Just using your muscles, can you make the shaft of your penis move up and down 10 times? Could you do it even once? How difficult was it?
During an erection blood pours into vessels in the shaft of the penis (the corpus spongiosum) and is kept there both by the increased fluid pressure, involuntary muscles (ones you can’t actively control) and voluntary muscles in your pelvic floor muscles (muscles you can control). The quality and duration of the erection can be correlated with your ability to control your voluntary pelvic floor muscles. The next time you have an erection (either alone or with a willing partner), look at your penis in a mirror from the side and assess for how engorged your penis is, and notice whether it is difficult to maintain the erection.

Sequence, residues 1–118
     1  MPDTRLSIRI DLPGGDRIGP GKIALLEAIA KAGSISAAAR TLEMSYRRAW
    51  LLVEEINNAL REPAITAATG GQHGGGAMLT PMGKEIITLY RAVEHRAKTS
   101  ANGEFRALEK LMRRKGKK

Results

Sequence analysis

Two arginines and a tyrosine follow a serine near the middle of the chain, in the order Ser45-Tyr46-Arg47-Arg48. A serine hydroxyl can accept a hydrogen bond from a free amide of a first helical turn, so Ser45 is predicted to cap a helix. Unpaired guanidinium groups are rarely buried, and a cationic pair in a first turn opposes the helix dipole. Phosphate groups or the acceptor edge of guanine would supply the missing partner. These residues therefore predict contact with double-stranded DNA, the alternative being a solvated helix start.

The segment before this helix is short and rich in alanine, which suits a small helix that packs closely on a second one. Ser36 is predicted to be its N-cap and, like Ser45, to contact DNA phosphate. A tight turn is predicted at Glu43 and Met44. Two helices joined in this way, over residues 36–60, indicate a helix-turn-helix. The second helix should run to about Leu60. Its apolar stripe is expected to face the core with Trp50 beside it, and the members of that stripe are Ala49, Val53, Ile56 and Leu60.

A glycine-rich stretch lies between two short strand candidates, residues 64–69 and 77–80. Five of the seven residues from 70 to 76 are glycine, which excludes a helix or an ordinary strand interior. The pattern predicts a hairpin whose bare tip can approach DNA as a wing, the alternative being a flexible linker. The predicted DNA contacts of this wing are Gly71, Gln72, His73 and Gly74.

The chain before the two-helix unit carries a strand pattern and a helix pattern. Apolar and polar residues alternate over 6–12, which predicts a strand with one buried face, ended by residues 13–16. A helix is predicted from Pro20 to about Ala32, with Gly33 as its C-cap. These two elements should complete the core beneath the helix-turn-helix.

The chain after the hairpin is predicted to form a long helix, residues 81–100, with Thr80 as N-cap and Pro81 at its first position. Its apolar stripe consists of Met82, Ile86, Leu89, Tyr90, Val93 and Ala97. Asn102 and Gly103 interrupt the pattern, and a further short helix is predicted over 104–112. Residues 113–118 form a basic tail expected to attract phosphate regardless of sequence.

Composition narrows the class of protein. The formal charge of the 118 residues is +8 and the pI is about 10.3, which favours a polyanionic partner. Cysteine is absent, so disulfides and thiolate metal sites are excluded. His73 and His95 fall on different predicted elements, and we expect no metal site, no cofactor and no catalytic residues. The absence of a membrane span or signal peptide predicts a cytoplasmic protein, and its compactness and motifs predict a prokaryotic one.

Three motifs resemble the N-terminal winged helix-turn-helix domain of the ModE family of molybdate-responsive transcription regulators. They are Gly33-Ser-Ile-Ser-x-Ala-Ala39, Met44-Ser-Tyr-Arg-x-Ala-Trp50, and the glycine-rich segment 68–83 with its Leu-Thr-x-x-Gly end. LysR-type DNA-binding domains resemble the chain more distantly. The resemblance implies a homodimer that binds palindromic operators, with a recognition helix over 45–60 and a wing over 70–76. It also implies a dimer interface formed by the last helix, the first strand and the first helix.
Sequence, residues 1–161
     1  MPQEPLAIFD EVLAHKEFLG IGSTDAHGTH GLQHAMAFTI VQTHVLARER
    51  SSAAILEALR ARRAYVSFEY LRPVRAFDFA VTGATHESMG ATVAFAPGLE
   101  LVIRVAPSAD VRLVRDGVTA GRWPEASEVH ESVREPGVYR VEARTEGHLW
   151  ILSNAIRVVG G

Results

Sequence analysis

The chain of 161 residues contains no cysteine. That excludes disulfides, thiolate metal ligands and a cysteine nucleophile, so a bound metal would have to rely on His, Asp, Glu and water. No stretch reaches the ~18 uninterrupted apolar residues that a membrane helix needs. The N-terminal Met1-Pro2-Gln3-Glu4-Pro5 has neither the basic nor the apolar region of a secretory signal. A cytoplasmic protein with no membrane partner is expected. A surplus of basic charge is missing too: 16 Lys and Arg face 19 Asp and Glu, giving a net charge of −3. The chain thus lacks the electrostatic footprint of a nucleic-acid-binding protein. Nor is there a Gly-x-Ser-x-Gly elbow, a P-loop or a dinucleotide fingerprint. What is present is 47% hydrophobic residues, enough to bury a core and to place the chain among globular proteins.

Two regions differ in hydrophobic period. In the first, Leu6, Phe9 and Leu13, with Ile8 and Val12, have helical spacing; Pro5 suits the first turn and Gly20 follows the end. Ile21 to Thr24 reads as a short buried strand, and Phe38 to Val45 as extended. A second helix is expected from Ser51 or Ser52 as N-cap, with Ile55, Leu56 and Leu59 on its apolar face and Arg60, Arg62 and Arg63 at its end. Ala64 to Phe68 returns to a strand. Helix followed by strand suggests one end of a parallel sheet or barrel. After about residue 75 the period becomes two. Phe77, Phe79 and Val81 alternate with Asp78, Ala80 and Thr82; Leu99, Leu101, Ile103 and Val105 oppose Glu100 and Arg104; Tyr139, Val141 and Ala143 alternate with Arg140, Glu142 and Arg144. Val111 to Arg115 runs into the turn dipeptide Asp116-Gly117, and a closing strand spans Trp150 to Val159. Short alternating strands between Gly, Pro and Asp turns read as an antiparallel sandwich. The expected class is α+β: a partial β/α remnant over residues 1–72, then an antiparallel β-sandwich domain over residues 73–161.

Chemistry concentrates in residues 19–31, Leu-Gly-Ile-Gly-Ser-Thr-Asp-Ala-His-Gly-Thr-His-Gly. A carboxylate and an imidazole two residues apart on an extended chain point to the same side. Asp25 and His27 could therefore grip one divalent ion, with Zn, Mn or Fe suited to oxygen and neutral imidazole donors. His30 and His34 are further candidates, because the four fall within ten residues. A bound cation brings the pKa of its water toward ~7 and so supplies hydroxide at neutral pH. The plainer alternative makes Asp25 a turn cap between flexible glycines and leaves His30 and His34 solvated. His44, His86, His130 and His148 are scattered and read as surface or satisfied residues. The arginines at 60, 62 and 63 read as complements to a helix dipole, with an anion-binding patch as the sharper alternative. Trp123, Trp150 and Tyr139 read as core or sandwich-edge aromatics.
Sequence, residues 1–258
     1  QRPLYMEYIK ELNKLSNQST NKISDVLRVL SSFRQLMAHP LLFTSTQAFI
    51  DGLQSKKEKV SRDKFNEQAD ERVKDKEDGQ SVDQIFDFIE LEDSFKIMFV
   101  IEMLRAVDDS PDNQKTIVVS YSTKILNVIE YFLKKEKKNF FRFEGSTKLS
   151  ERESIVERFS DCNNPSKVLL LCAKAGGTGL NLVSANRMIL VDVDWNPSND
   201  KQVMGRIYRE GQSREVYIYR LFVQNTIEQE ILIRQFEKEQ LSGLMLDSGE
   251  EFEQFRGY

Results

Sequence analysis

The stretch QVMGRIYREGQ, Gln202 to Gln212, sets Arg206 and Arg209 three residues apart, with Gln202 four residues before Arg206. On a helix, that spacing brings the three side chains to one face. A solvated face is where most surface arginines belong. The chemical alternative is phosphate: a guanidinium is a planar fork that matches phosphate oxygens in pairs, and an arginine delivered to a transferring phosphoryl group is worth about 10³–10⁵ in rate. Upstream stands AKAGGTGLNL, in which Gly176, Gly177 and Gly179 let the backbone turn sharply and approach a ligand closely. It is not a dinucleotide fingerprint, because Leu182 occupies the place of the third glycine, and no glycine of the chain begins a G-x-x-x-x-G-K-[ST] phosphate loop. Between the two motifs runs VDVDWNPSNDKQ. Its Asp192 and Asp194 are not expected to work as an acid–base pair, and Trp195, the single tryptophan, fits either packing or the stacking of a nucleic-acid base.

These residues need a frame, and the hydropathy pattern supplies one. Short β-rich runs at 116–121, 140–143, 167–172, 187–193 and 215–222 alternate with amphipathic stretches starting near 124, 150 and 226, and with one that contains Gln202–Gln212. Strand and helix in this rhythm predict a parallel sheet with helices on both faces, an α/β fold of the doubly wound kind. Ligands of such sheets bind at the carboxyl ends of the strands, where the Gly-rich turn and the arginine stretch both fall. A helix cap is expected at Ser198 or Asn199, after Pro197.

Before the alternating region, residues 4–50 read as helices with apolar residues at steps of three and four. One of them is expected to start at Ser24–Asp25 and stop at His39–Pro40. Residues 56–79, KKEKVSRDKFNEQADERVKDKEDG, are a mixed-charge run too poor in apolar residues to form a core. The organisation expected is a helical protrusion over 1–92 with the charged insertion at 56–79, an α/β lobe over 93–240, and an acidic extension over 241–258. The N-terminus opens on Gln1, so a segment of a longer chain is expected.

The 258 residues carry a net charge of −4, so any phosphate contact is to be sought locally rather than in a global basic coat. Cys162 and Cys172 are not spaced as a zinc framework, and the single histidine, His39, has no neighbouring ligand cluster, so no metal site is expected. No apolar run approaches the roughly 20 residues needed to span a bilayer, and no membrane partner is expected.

It’s more than just a party trick! When you try to wiggle your penis, you are activating the ischiocavernosus, one of the voluntary muscles in your pelvic floor that help maintain an erection. Poor control of this muscle can play a role in difficulty achieving or maintaining an erection. Many men have difficulty controlling their pelvic floor muscles, which can lead not only to erectile issues, but also to pelvic pain and incontinence. This is where pelvic floor physical therapy can help!
If weakness can lead to difficulty maintaining an erection, then strengthening your pelvic floor can improve the quality and duration of erections. A complete examination of your pelvic floor by a qualified physical therapist will assess your pelvic region for spasm and weaknesses that can be playing a role in pelvic issues, including a weak ischiocavernosus. Using these findings, we will build a comprehensive program combining manual therapy techniques, therapeutic exercise, and biofeedback to correct the issue.